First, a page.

Join the One True Club

In my post questioning if MormonISM is Christian I’ve been accused of being exclusionary for the purpose of leaving Mormons out of the club. I hope to explain why asking the question “Who is Christian?” or “What Churches are Christian?” is important to non-LDS Christians, Protestants in particular.

When I (and other Protestants) ask “is that church Christian?” we are really asking “Can I worship Jesus there?” We want to know if we can take communion and be in communion in that congregation. We want to know if their baptism is valid. We are seeking to understand what the most basic requirements are for Christianity so that we can JOIN together in worship. In answering “can I worship there?” we are including a group that numbers over 1.5 billion people. We are saying that the one true church includes all Protestants, Orthodox and Catholics.

Mormons are hurt by the snub, but it is the LDS church that is truly exclusionary. When the LDS church defines “the one true church” it leaves everyone else out. It says that all baptisms are invalid outside of the LDS church. It says that taking the sacrament is invalid everywhere outside the LDS church. It says that there is no priesthood authority outside the LDS church. In effect, the LDS church’s position that it is the one and only true church is saying that there is no true Christian worship outside of Mormonism.

The LDS church teaches that Mormons can not worship in spirit and in truth anywhere but within the LDS church. I, on the other hand, am saying that Christians can worship in spirit and truth in thousands of different churches.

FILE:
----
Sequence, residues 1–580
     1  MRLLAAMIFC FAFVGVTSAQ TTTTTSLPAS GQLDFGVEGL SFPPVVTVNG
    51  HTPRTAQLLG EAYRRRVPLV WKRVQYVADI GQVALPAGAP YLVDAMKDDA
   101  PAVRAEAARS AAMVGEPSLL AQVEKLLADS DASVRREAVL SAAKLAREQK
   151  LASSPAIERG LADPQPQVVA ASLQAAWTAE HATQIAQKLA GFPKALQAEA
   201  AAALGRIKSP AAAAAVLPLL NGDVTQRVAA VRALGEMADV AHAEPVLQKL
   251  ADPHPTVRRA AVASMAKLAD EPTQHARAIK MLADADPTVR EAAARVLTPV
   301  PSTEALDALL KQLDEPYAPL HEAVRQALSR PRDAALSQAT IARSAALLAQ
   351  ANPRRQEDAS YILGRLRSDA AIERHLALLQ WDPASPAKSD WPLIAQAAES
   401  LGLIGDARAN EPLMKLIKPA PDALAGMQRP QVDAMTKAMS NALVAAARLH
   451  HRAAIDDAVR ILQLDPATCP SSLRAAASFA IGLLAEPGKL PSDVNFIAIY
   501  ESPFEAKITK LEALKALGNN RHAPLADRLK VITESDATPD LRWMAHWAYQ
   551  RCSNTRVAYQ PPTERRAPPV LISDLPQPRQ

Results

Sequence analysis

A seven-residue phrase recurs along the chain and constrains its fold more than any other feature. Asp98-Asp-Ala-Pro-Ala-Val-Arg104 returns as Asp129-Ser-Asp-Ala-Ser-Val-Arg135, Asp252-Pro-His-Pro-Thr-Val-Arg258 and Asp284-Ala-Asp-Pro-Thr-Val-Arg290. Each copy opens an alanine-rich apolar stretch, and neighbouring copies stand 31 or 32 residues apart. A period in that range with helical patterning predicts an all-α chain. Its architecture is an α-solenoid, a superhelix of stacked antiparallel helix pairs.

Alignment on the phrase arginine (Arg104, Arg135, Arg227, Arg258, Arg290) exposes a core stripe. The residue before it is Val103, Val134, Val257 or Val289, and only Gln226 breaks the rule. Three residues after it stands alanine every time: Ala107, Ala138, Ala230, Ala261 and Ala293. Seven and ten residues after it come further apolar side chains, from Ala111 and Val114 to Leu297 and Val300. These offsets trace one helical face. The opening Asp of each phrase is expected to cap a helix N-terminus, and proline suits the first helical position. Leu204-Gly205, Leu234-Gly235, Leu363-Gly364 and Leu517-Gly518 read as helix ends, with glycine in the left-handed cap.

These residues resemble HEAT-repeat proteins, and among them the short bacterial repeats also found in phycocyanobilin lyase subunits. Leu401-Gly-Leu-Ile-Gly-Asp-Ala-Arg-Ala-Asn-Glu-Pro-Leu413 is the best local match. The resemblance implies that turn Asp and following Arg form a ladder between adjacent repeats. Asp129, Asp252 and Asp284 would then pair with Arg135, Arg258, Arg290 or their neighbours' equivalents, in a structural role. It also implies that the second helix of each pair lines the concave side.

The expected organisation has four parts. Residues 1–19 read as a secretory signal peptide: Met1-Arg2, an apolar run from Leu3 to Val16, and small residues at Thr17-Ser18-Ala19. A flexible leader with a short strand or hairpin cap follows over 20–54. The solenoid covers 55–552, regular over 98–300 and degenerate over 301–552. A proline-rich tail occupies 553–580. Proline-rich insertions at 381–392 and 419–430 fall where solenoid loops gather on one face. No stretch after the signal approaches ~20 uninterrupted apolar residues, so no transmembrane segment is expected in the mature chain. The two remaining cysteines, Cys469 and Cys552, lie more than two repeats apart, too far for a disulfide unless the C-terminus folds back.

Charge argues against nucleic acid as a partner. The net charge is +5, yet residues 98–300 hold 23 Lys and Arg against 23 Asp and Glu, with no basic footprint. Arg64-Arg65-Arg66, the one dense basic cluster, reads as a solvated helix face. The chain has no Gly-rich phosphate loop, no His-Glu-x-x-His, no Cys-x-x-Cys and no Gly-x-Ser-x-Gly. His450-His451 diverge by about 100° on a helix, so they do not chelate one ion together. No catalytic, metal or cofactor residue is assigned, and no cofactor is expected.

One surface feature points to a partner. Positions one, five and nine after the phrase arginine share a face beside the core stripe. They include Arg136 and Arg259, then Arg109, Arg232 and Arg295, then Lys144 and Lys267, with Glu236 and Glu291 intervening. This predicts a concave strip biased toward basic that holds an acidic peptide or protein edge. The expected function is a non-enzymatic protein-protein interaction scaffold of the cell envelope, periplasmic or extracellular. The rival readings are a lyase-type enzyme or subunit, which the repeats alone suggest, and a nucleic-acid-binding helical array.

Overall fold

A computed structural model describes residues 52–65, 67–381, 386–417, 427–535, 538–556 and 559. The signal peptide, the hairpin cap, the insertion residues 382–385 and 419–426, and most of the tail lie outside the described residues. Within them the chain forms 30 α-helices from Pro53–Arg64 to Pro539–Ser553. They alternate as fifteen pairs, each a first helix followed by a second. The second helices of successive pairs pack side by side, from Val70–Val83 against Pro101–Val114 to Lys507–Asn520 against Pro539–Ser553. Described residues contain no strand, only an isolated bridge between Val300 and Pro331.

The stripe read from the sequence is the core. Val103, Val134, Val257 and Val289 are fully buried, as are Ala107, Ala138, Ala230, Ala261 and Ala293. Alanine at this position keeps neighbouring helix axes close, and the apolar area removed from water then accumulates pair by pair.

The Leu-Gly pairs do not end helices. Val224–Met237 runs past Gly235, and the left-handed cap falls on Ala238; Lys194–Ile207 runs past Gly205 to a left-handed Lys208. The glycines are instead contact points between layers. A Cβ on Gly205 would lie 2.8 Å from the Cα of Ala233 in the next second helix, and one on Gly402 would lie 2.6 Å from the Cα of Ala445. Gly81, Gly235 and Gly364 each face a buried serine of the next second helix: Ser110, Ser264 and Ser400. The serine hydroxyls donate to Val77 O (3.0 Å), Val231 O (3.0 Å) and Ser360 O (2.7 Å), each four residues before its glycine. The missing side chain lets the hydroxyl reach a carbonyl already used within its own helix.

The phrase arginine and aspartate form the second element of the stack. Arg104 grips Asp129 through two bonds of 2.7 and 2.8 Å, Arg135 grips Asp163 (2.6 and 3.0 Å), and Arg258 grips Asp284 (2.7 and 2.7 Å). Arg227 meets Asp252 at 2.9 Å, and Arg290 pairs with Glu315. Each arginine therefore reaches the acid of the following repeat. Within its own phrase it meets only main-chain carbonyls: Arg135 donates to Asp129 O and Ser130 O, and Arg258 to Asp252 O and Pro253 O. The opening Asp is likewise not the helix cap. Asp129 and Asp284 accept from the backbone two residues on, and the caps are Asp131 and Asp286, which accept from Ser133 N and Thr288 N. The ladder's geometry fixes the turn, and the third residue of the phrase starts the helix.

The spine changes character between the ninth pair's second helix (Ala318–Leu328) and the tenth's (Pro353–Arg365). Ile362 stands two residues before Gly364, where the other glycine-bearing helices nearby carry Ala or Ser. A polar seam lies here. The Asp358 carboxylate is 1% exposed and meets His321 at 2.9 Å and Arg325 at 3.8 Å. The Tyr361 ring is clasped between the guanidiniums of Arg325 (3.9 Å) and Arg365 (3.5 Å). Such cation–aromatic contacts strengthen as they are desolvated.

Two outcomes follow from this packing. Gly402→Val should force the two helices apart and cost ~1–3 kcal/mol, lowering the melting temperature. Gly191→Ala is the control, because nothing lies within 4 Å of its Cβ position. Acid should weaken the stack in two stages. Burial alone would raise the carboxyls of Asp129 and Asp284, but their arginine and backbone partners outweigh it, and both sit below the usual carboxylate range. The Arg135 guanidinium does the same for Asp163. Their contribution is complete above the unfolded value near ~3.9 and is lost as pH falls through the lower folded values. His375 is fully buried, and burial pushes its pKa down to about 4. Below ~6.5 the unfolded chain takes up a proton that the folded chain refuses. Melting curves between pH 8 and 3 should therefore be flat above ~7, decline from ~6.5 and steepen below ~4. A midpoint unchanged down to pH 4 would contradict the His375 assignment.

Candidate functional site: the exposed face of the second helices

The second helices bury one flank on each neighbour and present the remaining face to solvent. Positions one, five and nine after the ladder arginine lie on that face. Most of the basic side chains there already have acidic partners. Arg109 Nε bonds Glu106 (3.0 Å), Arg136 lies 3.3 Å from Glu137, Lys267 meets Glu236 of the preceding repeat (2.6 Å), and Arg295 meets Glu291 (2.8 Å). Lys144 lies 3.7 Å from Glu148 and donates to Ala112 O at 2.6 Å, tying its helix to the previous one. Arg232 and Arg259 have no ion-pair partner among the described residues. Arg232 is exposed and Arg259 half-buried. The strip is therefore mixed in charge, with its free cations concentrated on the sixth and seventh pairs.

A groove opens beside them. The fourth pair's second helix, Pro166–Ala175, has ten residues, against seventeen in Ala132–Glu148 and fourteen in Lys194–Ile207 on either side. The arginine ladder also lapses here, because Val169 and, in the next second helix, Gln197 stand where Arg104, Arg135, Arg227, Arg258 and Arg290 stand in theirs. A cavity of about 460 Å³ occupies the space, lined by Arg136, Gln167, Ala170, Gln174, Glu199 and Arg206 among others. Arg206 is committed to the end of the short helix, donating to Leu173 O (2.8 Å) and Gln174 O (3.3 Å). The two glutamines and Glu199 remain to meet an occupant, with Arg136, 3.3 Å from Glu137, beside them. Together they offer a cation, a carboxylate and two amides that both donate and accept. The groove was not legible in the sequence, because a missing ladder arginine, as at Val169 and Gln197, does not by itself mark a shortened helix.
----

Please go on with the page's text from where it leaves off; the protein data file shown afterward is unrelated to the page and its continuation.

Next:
My exclusivity leaves out the practice of 12 million Mormons. Mormon exclusivity leaves out the practice of 1.5 billion non-LDS Christians. Mormons like to say “you have truth, we have more” but that is not what the assertion of being the one true church means. It means that all other churches are false.

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18 thoughts on “Join the One True Club

  1. My understanding of it, and I could be wrong, but my understanding of it growing up was that they were “false” in that believing in them would not get you into the fullness of God’s love in the afterlife. My understanding of it always was that Christians would go to one of the other glories, terrestrial or telestial. Now, there were some RLDS that believed that good Christians would certainly go to the Celestial kingdom, and I never argued with them. The Evangelical Christians say that there are only two destinations, Heaven or Hell. No matter how good you are, if you’re not “born again” you go to Hell. If you’re not “born again” you’re not a Christian. The Mormons and RLDS do not say that non Mormons are not “Christian” we do not say that you are totally outside the realm of God’s love! It is just that you will not be included in the fullness of God’s love.